Talk of the Valley
Mary Lou McCachren; Artist, Crafter, and Collector
By Alexe van Beuren
There are those who collect, and there are those who create. Mary Lou McCachren does both. Her home, which sits above a five-acre-lake in the woods outside Water Valley, has overwhelmed garden clubs, Sunday school classes, and writers from Mississippi Magazine; there is simply so much to see. From the whimsical bed frame crafted out of river bark to the collection of vintage kitchen sieves hanging from a beam, Mary Lou McCachren has filled her home with the work of her hands and others before her.
“I like to buy stuff they don’t make anymore,” Mary Lou tells me. It’s apparent that she also doesn’t like to let anything go to waste; she and Sam built her kitchen cabinets using wood from a barn on her father’s land, and the beam in their kitchen came from a torn-down house.
“Do you ever turn anything down?” I ask, and Mary Lou shakes her head, braid swinging.
“Not if I can bring it home.”
When it comes to showing me the work of her own hands, the scope astounds. Mary Lou is a ceramics artist, a woodworker, a seamstress, and a painter of objects; she calls herself a crafter, but she’s clearly an artist.
As Mary Lou begins to bring her work out of closets, she tells me that she loves Christmas especially; I view Santa after Santa after Santa, each one different. Mary Lou makes Santas out of beaver sticks, cypress knees, and collector dolls for which she’s been known to handstitch fur coats. Her Santas retail for as much as four hundred dollars (one sits in the office of Time Magazine), but Mary Lou says she’d never buy her own work.
“I’ve spent very little money on the things I have,” Mary Lou tells me. “Because if I see something I really like, I’ll come home and make it.”
Over the years, Mary Lou has sold her work at craft shows. She had a stall at the Oxford Mall “back when it was a going concern,” and for five years, she and her family ran a shop in downtown Water Valley called Mary’s Memories. She closed the shop in 1991; “it was too much,” she says. “We couldn’t keep up with sales.”
Now, the only people who buy Mary McCachren’s work are private clients– and there are precious few of those, since Mary Lou tells me that she likes to give away her work or save it for her family. “I’ve gotten to the age where I do what I want to do,” she tells me as we view the unpainted cypress knees on her deck (just beyond the cooing white doves, who enthrall me). “They’ll take whatever I get painted, but I don’t like to paint unless I’m in the mood.”
As we tour her house, Mary Lou brings out a quilt to show me. It’s completely handmade; she doesn’t even use a sewing machine.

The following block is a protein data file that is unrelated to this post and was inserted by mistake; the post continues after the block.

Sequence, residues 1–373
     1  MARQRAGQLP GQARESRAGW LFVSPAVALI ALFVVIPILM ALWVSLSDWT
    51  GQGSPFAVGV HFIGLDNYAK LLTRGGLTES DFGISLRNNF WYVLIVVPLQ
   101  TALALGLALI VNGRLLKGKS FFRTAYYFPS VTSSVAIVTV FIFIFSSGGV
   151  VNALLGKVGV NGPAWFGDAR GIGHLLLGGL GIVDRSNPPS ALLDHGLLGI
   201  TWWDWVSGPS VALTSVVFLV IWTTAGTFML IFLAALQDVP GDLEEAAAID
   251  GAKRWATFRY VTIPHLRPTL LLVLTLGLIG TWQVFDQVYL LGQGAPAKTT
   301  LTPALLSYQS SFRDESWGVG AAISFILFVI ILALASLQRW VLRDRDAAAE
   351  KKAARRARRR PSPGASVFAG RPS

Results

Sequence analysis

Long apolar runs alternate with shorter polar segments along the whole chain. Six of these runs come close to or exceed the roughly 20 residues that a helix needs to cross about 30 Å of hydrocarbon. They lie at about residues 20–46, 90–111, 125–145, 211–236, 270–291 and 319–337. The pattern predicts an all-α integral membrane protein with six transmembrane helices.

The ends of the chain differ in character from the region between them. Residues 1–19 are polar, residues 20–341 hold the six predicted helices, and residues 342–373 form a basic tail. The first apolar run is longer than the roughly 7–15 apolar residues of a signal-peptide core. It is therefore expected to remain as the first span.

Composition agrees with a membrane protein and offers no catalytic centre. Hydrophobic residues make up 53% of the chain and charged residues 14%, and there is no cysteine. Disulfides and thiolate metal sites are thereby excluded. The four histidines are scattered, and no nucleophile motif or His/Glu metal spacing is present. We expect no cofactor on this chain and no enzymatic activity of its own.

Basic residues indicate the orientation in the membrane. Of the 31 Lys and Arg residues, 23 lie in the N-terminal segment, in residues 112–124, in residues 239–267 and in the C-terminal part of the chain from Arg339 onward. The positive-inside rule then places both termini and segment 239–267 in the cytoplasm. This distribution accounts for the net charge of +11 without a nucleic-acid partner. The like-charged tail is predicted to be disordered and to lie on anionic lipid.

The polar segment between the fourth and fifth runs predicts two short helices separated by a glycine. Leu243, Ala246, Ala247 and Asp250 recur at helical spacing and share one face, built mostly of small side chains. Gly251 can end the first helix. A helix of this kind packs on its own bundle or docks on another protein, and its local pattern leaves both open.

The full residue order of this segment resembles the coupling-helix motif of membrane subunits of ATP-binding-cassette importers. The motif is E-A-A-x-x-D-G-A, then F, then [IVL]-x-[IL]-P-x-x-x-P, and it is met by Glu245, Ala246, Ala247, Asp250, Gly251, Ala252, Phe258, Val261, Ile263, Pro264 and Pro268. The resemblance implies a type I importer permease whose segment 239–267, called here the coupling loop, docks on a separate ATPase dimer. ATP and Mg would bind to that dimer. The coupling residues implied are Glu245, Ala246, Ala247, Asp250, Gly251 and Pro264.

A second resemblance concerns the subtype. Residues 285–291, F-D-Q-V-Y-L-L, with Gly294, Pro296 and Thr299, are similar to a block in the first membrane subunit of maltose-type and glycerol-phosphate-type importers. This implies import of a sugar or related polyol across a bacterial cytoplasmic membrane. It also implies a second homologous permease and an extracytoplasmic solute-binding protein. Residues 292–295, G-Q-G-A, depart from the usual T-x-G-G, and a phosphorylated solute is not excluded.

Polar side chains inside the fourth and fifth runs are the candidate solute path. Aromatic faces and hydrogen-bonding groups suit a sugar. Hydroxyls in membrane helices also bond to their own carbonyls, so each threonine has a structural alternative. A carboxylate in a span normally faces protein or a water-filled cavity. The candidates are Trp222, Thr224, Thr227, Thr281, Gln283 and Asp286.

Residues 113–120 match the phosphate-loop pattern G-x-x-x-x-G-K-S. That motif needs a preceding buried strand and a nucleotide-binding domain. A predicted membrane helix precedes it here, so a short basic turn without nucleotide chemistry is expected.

“Why is that?” I ask.
“If you’re to do a quilt for an heirloom,” she says, “I prefer handmade.” While Mary sews on her own, many of her projects have a silent partner: her husband Sam.
Sam, originally from Pope, and Mary Lou, raised in a vegetable sharecopping family around Crystal Springs, married in 1958– a mere five weeks after meeting. They spent the first twenty-odd years of their marriage in Memphis, where Sam worked as a police officer and Mary Lou raised four children. When Sam retired from the police force in 1978, the couple and their grown children moved to Water Valley, where Sam and Mary Lou began to create together in a serious way.
“Sam doesn’t paint,” Mary Lou tells me as we look at a box she and Sam made, “but he cuts out wood pieces for me.” When it comes to Mary Lou’s ceramics, Sam is the one who pours the molds— so many that their mold collection now numbers about five thousand.
“Sam can do about anything he sets his mind to,” Mary Lou says. It’s clearly true; we’re standing in the kitchen of the house that she and Sam drew on a piece of posterboard and then built without any professional assistance.
This fall, after the weather gets cooler, the McCachrens plan to walk up the hill to their shop where they will take up glass melting. Mary Lou says they’ll use some of her old bottles to make cheeseboards and wind chimes; she and Sam seem completely unphased by the fact that they’ve never melted glass before.
“We’re going to try putting photographs in a bottle and then firing them,” Mary Lou tells me. She looks over to Sam, who is sitting at the kitchen island. “I think it’ll work,” she says, and he nods.
(If you know someone who would make a good Talk of the Valley subject, please email Alexe van Beuren at firstname.lastname@example.org)